Death Star a la Star Wars style made from asteroids, says NASA scientist
If you want to make a Death Star like the one in Star Wars, you don’t do so out of thin air, like the movie-makers claimed, but from asteroids, says Brian Muirhead, Chief Engineer at NASA’s Jet Propulsion Laboratory at the California Institute of Technology (Caltech).
“The Death Star was the Empire’s ultimate weapon: a moon-sized space station with the ability to destroy an entire planet. But the Emperor and Imperial officers like Grand Moff Tarkin underestimated the tenacity of the Rebel Alliance, who refused to bow to this technological terror. . .”
Mr. Muirhead, who has worked on several technology and spacecraft projects since joining the Jet Propulsion Laboratory in 1978, including the Shuttle Imaging Radar-C and the Galileo mission to Jupiter, says the most effective way to build a Death Star would be to construct one on an asteroid – using the raw materials contained within it.
The Death Star, also known as the First Death Star, Death Star I, and DS-1 platform. It was previously known as the Ultimate Weapon and Sentinel Base. It was a moon-sized deep space mobile battle station that boasted a primary weapon with enough firepower to destroy a whole planet with a single shot. (Image: www.starwars.com)
Mr. Muirhead says he saw his first Star Wars film in June 1977. What he remembers best is the opening sequence, when an imperial-class star destroyer was moving across the screen. He remembers wondering what kind of society would be capable of building such a colossal and advanced machine.
Asteroid has all the ingredients to make a Death Star
In an interview with Wired, Mr. Muirhead said:
“If you wanted to build a Death Star, you wouldn’t build it by launching a bunch of stuff off a planet. You would get yourself an asteroid and built it from that.”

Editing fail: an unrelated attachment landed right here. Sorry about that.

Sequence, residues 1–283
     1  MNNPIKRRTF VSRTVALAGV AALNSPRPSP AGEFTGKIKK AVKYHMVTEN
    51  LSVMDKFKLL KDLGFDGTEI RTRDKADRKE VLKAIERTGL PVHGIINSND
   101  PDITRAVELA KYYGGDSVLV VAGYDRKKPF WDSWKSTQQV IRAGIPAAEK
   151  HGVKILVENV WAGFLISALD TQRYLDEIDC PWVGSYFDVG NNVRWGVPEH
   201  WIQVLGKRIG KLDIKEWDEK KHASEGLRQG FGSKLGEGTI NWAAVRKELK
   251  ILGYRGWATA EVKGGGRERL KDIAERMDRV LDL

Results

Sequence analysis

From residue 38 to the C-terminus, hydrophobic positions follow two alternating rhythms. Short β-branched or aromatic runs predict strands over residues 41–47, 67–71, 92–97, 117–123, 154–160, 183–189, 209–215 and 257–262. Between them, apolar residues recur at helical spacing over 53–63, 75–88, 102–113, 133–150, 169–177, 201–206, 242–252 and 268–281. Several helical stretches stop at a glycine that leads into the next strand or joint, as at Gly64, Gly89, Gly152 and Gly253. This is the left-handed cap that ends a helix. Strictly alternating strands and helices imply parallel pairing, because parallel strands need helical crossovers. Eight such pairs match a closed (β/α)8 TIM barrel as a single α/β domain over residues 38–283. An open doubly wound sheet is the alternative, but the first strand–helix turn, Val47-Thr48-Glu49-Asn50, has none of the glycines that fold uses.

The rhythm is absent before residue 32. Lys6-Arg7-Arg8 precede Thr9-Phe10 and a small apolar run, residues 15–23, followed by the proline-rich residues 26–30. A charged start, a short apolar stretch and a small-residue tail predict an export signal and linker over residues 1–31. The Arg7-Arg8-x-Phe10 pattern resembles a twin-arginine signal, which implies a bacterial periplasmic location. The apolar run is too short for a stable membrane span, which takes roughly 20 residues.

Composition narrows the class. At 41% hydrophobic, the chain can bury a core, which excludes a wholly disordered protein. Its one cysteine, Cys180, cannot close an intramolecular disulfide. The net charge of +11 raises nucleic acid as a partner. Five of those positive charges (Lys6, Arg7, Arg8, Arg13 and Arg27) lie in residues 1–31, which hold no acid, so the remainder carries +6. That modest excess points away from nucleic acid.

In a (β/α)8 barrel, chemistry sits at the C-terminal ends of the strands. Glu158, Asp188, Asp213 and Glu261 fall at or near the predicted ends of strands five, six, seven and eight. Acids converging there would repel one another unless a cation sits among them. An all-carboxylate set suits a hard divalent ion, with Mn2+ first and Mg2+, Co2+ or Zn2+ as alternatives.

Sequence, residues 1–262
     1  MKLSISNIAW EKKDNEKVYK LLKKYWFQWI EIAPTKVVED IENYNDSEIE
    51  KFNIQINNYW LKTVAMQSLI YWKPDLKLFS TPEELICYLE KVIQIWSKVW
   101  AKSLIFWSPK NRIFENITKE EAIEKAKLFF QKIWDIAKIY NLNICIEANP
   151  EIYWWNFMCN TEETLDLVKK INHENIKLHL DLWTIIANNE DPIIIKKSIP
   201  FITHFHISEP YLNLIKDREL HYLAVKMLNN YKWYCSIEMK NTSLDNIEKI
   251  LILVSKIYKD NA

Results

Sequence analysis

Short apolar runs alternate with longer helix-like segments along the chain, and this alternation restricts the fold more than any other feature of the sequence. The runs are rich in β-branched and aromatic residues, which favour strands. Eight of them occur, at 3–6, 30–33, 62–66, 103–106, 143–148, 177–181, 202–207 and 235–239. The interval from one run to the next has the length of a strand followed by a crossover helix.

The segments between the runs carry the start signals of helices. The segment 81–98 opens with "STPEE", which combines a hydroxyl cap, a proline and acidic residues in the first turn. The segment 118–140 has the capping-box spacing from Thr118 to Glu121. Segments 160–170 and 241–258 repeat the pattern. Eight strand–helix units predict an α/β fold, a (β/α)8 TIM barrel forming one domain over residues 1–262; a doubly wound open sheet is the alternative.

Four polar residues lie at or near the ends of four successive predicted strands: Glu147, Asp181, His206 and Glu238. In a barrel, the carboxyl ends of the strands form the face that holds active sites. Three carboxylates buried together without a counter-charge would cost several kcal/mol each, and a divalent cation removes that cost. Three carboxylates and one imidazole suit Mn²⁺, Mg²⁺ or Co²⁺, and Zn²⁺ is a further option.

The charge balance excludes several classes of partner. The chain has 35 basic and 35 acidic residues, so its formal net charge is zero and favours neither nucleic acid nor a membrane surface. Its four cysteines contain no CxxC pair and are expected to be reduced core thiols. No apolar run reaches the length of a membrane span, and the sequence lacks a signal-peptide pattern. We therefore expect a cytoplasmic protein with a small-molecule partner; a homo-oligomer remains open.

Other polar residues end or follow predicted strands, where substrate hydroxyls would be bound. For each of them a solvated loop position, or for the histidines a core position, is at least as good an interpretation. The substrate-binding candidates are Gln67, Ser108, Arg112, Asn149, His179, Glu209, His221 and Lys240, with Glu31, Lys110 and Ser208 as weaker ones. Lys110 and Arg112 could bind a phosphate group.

“It could provide the metals. You have organic compounds, you have water – all the building blocks you would need to build your family Death Star.”
Mr. Muirhead is an asteroid expert. He is currently working on NASA’s Asteroid Redirect Mission – the first-ever robot mission to land on a large near-Earth asteroid, gather a multi-ton boulder from its surface, and redirect it into a stable orbit around the Moon. Once in orbit, astronauts will explore it and return to Earth with samples in the 2020s.
Brian Muirhead received his B.Sc. in mechanical engineering from the University of New Mexico in 1977, and an M.Sc. in aeronautical engineering from Caltech in 1982. He received NASA’s Exceptional Achievement Medal for his work on SIR-C, and the Exceptional Leadership Medals for his work on Mars Pathfinder and Constellation. In 2009, he was designated a Jet Propulsion Laboratory Fellow. He has co-authored ‘High Velocity Leadership’ and ‘Going to Mars’.
Although not the same as constructing a Death Star, it will still be quite an amazing feat.
The key technology today in getting a spacecraft out there to an asteroid is ion propulsion, which of course is the propulsion of sub-light spacecraft in the Star Wars series. NASA has four ion engines on any asteroid redirect mission.
The Death Star’s main weapon is so powerful it can destroy an entire planet with just one blast. (Image: starwars.wikia.com)
Our current ion engines are very low thrust, Mr. Muirhead explains. If we wanted to travel to the stars, we would need much more advanced power.
Star Wars is an American epic space opera franchise based on a film series created by George Lucas, an American filmmaker and entrepreneur. It depicts the adventures of several characters “a long time ago in a galaxy far, far away”, mostly involving, but not limited to, the rise and fall of Anakin Skywalker (Darth Vader).
Video – How to build a Death Star
Mr. Muirhead explains how a Death Star, just like the one in the movie Star Wars, could be built.